When it comes to law enforcement's tactics to catch speeders, technology plays a crucial role. Specifically, RADAR and LIDAR are among the tools that officers use to determine if you were speeding.
Understanding these technologies can provide insights into how speeding infractions are identified and, more importantly for our clients, how they might be contested. Always consult a traffic attorney before you pay the fine or dispute a speeding ticket.
Explain California's Basic Speed Law
Before delving into the technical aspects, it's essential to understand the framework of California's basic speed law. The law dictates that no person shall drive at a speed greater than is reasonable or prudent given the conditions.
Speed limits are established based on this principle. Therefore, when RADAR and LIDAR systems indicate that you are driving above the set speed limit, you could be cited for speeding.
CA Vehicle Code (CVC) Section 22350, Speed Laws, CA’s basic speed law says:
“No person shall drive a vehicle upon a highway at a speed greater than is reasonable or prudent having due regard for weather, visibility, the traffic on, and the surface and width of, the highway, and in no event at a speed which endangers the safety of persons or property.”
Therefore, if you are cited for speeding under this section, what is “reasonable and prudent” might be more crucial to your defense than the number on the RADAR or LIDAR device.
Just because you are going the posted speed limit or less does NOT mean you cannot be ticketed for speeding. What if there’s fog or rain and the roadway is slick? Do you feel safe going 65 or 70 mph?
On the other hand, if the sky is clear, there’s only light traffic, must you drive the speed limit? Even when ticketed, the traffic court judge makes the final decision of what is a “reasonable and prudent” speed.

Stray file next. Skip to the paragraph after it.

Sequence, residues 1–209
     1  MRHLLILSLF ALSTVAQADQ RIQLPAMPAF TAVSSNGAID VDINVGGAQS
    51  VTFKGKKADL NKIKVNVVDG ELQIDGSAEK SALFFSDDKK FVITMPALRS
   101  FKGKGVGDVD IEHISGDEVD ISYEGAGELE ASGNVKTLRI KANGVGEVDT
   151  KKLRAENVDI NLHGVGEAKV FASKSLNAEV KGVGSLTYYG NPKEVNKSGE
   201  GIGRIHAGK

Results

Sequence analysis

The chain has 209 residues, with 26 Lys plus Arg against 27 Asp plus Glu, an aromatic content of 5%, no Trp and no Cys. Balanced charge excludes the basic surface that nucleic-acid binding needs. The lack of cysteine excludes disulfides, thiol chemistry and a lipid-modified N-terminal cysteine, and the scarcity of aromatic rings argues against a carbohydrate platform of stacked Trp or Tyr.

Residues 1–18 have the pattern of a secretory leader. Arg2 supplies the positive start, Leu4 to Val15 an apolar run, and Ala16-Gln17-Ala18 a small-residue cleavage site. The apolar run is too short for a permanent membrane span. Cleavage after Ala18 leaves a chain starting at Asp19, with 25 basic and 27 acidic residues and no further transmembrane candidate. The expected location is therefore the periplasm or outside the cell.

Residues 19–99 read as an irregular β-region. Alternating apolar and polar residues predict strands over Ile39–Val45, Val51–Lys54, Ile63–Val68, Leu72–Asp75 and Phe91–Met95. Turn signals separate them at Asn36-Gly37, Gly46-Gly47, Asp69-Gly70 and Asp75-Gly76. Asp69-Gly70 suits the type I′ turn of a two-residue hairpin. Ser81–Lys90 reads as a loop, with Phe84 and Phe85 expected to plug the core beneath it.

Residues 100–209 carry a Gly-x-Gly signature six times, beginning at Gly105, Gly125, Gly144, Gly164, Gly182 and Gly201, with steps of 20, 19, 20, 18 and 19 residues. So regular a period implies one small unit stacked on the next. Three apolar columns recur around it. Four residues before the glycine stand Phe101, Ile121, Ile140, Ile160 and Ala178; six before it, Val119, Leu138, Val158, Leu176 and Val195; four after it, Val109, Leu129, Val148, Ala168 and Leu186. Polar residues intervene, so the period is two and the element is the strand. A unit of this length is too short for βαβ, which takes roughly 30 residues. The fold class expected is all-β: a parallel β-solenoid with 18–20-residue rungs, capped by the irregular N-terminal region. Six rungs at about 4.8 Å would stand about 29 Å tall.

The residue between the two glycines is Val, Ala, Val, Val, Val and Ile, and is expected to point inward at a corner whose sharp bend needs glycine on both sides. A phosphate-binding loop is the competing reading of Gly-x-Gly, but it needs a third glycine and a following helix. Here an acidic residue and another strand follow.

How RADAR Works
RADAR, which stands for Radio Detection and Ranging. It uses radio waves to determine a vehicle's speed.
An officer aiming a RADAR gun at oncoming traffic sends radio waves. These waves bounce back with a shifted frequency when they hit a moving vehicle. This shift, known as the Doppler effect, allows the RADAR device to accurately calculate the vehicle's speed.
Although these devices are very accurate, uncalibrated devices can make errors, and untrained law enforcement officers (LEOs) can use them incorrectly to give a false reading.
How LIDAR Works
LIDAR is short for Light Detection and Ranging. It operates on a similar principle as RADAR but uses light waves from a laser instead of radio waves.
A LIDAR device emits a series of light pulses toward a vehicle and measures the time it takes for the light to reflect back. By using this data, the device can precisely determine the vehicle's distance and calculate its speed.
LIDAR is often more accurate than RADAR, except in inclement weather and longer distances. Training and calibration could also be a factor.
How Pacing Works to Determine Speed
In addition to using RADAR and LIDAR technology, officers may employ a more traditional method known as pacing. This involves the officer following a suspect vehicle at a constant distance over a particular stretch of road, then comparing the patrol car's speedometer reading to determine the suspect vehicle's speed.
Another means to determine a vehicle’s speed is “estimation” or guessing. That’s correct; a traffic court judge might allow a seasoned traffic LEO to estimate your speed, particularly in inclement weather, construction, or school zones. In this case, a traffic attorney can help raise the level of “reasonable doubt.”
Why You Should Consult a Traffic Attorney About Your Speeding Ticket
Given the technical nature of these speed detection methods, any number of things could lead to an incorrect reading - an uncalibrated device, operator error, or external factors like weather or other vehicles. That's where a traffic attorney can help.
A knowledgeable traffic attorney can scrutinize the circumstances surrounding your alleged speeding infraction. They can question the accuracy of the RADAR or LIDAR reading or challenge the officer's pacing technique. They can also examine whether the officer complied with the requirements of California's basic speed law when issuing the citation.
In essence, understanding how law enforcement measures speed—through RADAR, LIDAR, or pacing—can provide valuable insight if you're charged with speeding.
For more information on speeding and contesting a ticket, read our blog, “3 Methods to Challenge a Speeding Ticket—Proven Strategies.”
However, contesting a speeding ticket based on these methods is a complex task best left to professionals. By enlisting a traffic attorney's help, you significantly increase your chances of a successful defense. Remember, a speeding ticket is more than just a fine—it can affect your driving record and insurance rates. So, it's well worth consulting with a traffic attorney who can guide you through that court battle.
Contact Bigger & Harman
When you need a traffic ticket resolved in Fresno County Courthouse, you need Bigger & Harman, APC. Give us a call at (661) 349-9300. Se habla Español (661) 349-9755.
CVC Section 22350, Speed Laws.